Soraya Sarhaddi Nelson Special correspondent Soraya Sarhaddi Nelson is based in Berlin. Her reports can be heard on NPR's award-winning programs, including Morning Edition and All Things Considered, and read at NPR.org.
Soraya Nelson
Stories By

Soraya Sarhaddi Nelson

Soraya Sarhaddi Nelson is a NPR foreign correspondent based in Cairo.

Egyptians Debate What New Decrees Will Mean

  • Download
  • <iframe src="https://www.npr.org/player/embed/165854609/165854588" width="100%" height="290" frameborder="0" scrolling="no" title="NPR embedded audio player">
  • Transcript

German Chancellor Angela Merkel (right) has given guarded support to Education Minister Annette Schavan, who is facing calls to resign over allegations of plagiarism. Thomas Peter/Reuters /Landov hide caption

toggle caption
Thomas Peter/Reuters /Landov

The main street in Oberhausen — Germany's most indebted city — is dotted with vacancies. Despite its economic woes, Oberhausen, like other western German cities, must make "reunification" payments to the former communist East. The payments help explain German voters' reluctance to bail out Greece and other eurozone countries. Patrik Stollarz/AFP/Getty Images hide caption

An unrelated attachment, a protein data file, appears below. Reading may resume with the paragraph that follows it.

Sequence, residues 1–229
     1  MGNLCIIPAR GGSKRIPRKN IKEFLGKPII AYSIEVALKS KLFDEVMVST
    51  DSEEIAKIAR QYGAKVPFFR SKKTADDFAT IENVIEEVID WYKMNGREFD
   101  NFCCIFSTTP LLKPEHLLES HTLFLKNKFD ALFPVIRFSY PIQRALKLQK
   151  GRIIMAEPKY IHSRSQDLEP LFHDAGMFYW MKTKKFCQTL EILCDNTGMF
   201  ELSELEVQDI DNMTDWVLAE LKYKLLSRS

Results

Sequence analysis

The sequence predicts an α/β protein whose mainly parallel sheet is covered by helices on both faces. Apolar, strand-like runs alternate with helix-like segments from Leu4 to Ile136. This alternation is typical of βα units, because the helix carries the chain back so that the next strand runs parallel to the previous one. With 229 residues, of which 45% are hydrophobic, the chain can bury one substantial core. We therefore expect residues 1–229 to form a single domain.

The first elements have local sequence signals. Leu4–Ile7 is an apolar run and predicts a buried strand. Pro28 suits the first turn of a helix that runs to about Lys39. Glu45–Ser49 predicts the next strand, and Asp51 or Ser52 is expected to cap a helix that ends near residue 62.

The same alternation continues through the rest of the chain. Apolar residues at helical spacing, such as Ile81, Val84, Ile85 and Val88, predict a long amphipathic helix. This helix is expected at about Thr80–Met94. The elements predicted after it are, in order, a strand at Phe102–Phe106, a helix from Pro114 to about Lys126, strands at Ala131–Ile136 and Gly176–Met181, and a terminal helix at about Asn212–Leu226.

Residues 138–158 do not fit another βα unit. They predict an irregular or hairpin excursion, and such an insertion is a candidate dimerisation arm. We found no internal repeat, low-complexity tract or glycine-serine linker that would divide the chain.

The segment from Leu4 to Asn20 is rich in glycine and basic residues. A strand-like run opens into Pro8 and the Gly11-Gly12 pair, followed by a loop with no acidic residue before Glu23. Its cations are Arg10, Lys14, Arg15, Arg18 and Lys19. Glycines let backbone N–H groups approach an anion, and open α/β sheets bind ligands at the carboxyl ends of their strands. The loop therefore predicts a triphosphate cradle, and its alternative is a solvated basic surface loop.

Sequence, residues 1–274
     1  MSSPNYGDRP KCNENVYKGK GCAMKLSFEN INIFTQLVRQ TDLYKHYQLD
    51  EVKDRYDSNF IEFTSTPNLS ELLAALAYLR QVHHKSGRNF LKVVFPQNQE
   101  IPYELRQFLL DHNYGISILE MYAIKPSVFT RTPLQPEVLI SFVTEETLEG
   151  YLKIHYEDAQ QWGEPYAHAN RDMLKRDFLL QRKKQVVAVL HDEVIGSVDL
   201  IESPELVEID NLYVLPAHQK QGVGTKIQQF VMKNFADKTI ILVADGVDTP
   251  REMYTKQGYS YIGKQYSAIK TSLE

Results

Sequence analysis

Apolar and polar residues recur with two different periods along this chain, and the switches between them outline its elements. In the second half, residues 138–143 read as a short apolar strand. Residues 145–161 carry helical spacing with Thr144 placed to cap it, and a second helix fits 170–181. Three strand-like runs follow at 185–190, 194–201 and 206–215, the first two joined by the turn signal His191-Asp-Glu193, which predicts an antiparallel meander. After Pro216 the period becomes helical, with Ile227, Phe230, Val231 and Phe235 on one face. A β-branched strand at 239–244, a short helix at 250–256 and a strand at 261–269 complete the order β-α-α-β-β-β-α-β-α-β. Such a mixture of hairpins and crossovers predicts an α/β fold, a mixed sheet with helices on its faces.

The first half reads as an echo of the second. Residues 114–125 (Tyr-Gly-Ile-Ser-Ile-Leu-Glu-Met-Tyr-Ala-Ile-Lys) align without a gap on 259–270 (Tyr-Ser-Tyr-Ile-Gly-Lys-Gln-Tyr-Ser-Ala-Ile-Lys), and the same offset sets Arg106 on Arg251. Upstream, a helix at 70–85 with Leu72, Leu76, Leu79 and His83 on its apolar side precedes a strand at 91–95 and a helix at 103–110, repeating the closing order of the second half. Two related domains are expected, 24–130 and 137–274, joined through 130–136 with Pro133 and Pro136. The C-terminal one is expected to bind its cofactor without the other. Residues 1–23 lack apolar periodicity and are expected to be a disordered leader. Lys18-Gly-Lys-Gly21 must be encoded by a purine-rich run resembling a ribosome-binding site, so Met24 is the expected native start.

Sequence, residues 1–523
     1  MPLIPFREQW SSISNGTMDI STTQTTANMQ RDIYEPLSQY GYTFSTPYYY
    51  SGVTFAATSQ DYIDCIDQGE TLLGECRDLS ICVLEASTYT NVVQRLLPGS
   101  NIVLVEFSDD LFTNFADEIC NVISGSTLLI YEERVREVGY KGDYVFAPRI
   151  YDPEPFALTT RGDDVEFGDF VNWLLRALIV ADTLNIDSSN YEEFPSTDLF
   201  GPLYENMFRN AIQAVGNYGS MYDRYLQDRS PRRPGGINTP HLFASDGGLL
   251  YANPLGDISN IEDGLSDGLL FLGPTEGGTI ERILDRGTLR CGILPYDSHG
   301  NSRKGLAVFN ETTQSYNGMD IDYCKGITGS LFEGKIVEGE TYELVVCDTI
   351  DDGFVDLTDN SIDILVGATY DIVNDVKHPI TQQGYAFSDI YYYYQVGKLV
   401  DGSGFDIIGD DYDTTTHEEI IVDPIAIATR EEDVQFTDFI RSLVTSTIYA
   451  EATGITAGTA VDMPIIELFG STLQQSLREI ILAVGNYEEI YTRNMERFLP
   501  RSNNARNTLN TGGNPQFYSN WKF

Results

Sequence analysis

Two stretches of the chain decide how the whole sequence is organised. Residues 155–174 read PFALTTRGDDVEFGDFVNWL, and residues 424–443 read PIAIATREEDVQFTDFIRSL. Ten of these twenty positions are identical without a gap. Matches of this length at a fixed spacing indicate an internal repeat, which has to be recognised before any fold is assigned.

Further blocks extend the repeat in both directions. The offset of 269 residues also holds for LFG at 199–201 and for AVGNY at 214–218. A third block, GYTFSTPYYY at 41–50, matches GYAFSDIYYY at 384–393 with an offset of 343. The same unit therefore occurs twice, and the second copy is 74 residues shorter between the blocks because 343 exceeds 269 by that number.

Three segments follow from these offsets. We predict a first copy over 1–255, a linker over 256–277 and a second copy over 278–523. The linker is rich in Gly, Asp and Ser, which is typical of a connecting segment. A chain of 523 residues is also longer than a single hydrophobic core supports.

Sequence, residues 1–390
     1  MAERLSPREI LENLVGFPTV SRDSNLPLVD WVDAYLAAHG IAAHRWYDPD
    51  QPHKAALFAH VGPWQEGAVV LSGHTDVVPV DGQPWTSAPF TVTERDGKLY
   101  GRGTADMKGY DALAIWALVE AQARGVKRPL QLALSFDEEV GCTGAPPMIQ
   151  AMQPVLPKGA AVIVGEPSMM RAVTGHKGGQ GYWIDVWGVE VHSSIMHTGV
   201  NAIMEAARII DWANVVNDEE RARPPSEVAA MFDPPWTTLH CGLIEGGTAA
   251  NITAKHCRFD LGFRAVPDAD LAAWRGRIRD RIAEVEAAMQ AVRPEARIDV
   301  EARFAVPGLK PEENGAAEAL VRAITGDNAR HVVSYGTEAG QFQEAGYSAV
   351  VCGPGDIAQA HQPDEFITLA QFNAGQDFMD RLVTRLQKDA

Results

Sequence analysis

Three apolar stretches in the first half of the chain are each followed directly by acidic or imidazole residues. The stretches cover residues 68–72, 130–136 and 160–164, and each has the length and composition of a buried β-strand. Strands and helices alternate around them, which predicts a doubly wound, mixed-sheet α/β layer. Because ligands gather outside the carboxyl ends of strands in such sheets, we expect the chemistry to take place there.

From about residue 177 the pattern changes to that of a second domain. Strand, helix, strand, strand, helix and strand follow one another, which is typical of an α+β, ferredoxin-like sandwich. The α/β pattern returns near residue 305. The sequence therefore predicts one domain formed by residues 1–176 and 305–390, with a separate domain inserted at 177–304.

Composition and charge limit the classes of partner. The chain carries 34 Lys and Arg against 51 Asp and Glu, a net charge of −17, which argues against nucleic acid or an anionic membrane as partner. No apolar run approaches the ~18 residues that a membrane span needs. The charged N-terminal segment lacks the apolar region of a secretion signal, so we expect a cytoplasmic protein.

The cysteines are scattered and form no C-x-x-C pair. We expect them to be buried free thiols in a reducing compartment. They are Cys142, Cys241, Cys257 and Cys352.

toggle caption
Patrik Stollarz/AFP/Getty Images

Mohammed Naeem, a driver, holds up a framed photo of two relatives he says were killed by militant leader Abdullah near the western city of Herat. Soraya Sarhaddi Nelson/NPR hide caption

toggle caption
Soraya Sarhaddi Nelson/NPR

A money-changer in the Afghan city of Herat counts a stack of Iranian bills. More and more Iranian currency is being brought in by smugglers to exchange for dollars, which then go back to Iran. Soraya Sarhaddi Nelson/NPR hide caption

toggle caption
Soraya Sarhaddi Nelson/NPR

A U.S. soldier shares grapes with Afghan boys in the southern province of Kandahar on Wednesday. Tony Karumba/AFP/Getty Images hide caption

toggle caption
Tony Karumba/AFP/Getty Images

Amid Strains, U.S. Begins Wind-Down In Afghanistan

  • Download
  • <iframe src="https://www.npr.org/player/embed/161160883/161175563" width="100%" height="290" frameborder="0" scrolling="no" title="NPR embedded audio player">
  • Transcript

An Afghan man inspects a motorcycle used in a suicide attack in a parking lot holding dozens of trucks supplying the NATO-run Kandahar Air Base in June. Bombings and assassinations are on the rise in Kandahar. Last month, a suicide bomber struck the convoy of the provincial police chief, Gen. Abdul Raziq, who was severely injured. AFP/Getty Images hide caption

toggle caption
AFP/Getty Images